Brandon Jones knew sharks were finning in his waters just off the coast of Jacksonville, Fla. They were, however, a cast too far and he had no clue as to how he could reach them from the beach.
“After years of shark fishing with a kayak and fighting through the surf, I knew there had to be a better way,” says Jones. “That’s when it hit me–a bolt out of the blue. A drone! I did a little research online, bought my first quality drone, and began teaming to fly it. It didn’t take long before I was able to control it enough to hover 30 feet above the waves and, with the camera, look down at my dangling bait.”
When I spotted a shark, I dropped the bait. Within seconds, the drag was screaming and the sand-spiked fishing pole was going mad. Just 10 minutes later, a 60-pound blacktip shark lay on the beach.”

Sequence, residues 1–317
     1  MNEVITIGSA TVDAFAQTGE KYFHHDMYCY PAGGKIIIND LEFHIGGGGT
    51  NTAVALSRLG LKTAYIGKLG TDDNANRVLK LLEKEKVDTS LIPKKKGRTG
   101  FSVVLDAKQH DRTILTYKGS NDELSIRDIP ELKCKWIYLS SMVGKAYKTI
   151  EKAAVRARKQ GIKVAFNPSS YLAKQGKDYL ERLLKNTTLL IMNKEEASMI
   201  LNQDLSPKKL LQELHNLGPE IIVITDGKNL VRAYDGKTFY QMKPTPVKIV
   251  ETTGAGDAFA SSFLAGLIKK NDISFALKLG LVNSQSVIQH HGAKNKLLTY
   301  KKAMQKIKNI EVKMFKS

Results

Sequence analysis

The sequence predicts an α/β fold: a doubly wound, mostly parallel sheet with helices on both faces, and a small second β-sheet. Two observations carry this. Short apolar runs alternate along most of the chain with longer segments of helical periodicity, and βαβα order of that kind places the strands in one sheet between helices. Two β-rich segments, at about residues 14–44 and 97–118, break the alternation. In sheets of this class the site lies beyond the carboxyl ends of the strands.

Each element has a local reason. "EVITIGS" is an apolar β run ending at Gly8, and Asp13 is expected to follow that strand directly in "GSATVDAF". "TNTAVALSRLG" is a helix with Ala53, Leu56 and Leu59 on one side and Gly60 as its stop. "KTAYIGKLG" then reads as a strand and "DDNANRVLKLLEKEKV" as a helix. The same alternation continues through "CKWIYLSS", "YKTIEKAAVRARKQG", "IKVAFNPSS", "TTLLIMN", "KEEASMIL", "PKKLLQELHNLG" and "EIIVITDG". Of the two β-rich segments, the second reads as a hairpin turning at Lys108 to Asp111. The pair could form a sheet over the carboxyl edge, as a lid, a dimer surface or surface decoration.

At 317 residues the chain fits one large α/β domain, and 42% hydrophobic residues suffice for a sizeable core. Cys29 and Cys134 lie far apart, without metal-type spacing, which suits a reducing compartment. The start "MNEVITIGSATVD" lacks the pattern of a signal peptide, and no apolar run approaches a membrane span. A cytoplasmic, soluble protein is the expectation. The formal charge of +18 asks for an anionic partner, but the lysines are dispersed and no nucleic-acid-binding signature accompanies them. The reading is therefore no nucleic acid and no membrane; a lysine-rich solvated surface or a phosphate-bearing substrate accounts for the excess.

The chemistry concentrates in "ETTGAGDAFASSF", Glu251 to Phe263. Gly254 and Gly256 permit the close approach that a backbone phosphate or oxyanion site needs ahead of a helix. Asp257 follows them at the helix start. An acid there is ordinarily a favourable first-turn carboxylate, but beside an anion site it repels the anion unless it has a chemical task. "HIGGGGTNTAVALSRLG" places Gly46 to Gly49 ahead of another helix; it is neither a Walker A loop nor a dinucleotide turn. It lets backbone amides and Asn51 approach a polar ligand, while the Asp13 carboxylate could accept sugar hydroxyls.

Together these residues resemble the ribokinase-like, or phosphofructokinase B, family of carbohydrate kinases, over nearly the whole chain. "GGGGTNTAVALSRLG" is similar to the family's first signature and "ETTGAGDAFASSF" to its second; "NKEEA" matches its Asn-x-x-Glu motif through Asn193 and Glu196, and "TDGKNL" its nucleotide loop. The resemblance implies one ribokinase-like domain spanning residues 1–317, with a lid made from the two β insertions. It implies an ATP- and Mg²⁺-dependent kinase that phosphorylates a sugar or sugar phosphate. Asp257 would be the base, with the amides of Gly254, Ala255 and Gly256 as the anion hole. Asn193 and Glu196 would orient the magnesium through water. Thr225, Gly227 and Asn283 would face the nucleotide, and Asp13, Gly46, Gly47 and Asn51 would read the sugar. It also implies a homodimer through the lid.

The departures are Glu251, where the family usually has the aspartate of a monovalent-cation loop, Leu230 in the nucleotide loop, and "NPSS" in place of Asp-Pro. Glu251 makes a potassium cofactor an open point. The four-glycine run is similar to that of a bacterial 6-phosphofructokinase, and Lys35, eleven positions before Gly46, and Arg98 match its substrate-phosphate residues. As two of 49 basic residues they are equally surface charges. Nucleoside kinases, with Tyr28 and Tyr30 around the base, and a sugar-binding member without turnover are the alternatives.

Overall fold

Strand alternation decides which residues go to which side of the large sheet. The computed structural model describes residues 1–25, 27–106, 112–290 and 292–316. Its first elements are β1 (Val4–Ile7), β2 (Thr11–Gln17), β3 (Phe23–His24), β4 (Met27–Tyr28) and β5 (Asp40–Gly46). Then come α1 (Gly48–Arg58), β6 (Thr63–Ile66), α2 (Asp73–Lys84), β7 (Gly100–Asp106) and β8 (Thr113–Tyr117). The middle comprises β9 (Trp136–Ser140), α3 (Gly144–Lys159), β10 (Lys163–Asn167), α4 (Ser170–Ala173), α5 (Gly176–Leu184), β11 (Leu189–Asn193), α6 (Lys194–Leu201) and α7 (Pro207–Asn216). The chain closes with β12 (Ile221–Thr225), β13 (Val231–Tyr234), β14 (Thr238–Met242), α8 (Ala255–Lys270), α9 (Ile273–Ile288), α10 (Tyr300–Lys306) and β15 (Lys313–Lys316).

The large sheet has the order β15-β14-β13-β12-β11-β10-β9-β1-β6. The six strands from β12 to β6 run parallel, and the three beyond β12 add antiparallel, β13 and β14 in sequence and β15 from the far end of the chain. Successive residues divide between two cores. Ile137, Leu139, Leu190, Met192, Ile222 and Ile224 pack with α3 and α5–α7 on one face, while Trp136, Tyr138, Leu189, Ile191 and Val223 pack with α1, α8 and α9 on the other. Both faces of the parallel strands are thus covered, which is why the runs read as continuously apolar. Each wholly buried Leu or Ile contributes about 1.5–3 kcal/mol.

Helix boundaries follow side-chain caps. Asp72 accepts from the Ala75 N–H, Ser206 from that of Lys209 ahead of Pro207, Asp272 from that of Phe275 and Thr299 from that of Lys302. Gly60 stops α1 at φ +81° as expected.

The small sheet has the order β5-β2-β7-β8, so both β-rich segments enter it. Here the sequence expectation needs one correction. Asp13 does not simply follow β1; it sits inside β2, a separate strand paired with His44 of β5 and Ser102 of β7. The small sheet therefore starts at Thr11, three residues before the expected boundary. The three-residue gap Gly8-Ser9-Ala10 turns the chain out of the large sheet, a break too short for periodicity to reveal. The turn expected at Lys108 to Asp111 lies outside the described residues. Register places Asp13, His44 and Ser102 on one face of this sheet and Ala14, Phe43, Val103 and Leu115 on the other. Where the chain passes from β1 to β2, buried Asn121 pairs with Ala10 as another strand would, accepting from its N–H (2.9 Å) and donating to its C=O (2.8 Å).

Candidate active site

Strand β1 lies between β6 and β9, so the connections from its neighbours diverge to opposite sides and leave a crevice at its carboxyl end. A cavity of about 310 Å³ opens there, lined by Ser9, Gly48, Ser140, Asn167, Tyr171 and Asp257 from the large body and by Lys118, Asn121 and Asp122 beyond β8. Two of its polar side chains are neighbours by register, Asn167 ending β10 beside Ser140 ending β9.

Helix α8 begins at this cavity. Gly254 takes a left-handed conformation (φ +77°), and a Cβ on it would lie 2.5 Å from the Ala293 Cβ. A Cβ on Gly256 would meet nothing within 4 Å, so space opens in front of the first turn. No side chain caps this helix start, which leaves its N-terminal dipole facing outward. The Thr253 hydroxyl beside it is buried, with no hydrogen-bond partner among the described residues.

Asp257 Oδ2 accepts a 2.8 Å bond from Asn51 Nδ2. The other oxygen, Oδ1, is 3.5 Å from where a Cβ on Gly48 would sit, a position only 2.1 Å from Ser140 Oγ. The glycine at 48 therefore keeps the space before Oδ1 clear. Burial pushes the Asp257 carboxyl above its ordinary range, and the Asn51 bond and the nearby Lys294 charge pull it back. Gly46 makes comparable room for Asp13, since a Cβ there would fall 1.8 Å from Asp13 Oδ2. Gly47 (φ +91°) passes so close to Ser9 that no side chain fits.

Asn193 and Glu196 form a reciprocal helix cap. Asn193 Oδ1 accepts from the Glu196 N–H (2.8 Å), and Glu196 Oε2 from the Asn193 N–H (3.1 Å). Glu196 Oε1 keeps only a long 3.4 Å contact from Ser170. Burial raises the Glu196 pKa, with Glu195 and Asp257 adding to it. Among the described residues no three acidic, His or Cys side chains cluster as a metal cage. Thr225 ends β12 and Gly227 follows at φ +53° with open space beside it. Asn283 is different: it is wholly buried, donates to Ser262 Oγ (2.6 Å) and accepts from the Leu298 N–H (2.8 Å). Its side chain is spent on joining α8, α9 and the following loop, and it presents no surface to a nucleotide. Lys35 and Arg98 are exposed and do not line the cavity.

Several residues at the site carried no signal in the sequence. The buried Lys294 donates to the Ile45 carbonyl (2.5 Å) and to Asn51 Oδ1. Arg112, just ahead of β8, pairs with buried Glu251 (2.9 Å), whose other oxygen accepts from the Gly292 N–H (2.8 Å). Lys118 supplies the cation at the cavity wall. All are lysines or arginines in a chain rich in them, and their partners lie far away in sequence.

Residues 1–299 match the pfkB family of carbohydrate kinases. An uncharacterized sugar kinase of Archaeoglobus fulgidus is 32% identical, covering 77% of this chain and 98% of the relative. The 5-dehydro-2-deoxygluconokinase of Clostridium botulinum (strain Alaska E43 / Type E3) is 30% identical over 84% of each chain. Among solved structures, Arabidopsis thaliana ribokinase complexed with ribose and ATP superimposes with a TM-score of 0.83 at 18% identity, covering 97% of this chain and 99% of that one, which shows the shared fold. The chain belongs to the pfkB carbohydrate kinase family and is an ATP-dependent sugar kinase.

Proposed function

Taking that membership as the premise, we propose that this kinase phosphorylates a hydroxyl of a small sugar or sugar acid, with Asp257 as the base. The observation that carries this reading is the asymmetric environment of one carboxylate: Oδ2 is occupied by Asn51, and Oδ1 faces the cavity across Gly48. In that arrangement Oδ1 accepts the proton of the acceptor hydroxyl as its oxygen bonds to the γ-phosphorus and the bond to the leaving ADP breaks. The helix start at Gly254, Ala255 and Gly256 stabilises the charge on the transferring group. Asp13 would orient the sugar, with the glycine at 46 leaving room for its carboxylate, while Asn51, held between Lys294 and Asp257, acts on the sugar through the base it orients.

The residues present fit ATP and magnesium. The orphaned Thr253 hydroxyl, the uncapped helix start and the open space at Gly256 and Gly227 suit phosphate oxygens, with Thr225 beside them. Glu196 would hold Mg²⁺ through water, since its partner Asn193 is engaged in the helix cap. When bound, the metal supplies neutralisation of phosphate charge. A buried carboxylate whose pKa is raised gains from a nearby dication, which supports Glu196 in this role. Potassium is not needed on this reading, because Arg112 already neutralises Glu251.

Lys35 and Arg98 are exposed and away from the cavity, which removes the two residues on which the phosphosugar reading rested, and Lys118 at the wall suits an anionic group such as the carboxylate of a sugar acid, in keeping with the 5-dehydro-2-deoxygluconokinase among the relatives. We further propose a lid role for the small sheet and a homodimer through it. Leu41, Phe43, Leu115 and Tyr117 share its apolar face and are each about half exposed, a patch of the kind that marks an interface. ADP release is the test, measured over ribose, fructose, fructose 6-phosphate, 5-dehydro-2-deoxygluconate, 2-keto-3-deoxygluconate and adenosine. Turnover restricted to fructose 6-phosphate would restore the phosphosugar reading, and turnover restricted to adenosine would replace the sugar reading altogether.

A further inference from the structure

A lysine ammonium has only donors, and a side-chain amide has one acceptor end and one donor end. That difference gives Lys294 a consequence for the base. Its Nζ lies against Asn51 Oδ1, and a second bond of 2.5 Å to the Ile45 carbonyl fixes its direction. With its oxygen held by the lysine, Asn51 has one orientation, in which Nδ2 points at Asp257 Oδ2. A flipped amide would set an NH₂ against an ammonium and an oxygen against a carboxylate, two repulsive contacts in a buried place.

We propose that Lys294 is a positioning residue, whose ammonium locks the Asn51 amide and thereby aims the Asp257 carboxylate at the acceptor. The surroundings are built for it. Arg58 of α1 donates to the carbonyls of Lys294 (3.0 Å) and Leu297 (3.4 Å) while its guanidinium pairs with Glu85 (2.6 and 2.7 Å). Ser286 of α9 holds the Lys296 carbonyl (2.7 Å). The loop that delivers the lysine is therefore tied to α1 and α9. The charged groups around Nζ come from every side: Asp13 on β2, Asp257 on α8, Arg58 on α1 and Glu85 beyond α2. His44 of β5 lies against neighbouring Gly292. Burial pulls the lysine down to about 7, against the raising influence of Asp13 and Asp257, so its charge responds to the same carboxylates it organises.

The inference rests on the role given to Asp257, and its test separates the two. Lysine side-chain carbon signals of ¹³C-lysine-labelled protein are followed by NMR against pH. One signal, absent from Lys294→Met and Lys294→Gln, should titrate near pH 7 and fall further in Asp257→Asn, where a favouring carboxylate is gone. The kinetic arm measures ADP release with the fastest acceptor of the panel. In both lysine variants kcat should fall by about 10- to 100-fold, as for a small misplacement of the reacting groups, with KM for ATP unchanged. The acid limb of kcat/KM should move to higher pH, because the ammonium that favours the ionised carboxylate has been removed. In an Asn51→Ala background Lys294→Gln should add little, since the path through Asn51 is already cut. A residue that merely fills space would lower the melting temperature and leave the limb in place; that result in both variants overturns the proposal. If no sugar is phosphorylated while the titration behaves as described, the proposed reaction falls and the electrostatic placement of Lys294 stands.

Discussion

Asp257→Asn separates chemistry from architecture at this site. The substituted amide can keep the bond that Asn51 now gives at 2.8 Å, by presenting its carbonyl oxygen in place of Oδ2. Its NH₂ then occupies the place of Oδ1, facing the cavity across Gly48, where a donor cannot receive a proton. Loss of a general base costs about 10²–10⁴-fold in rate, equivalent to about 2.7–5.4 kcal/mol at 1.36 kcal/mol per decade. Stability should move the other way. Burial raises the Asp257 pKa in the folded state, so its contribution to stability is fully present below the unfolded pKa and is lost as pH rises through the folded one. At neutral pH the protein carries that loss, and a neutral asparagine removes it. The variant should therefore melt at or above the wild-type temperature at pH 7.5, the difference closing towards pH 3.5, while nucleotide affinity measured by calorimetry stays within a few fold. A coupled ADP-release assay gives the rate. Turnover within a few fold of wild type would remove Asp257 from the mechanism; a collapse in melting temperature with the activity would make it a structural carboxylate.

Jones’ story took me back 15 years. On a full-moon summer night, I, too, was trying to figure out how to drop baits into the shark zone out beyond the first breakers. I hopped on my surfboard, a live bunker clenched between my teeth, and paddled off into the night. About BOO yards out, I heard a splash, followed by what sounded like an explosion. The monstrous 5-foot tail of a thresher shark slapped the water at face level. I spit out the bunker and paddled as fast as I could back to shore. That was the last time I attempted that method of bait deployment. I went on to test others, including three-man slingshots, modified potato cannons, and remote-controlled model boats–all with limited success. My kingdom for a drone.
Indeed, the drone revolution is breaking barriers on a plethora of levels, from the battlefield to pizza delivery to fishing. But before you indignantly huff off, wondering what the heck the angling world has come to, consider a few more fishing stories.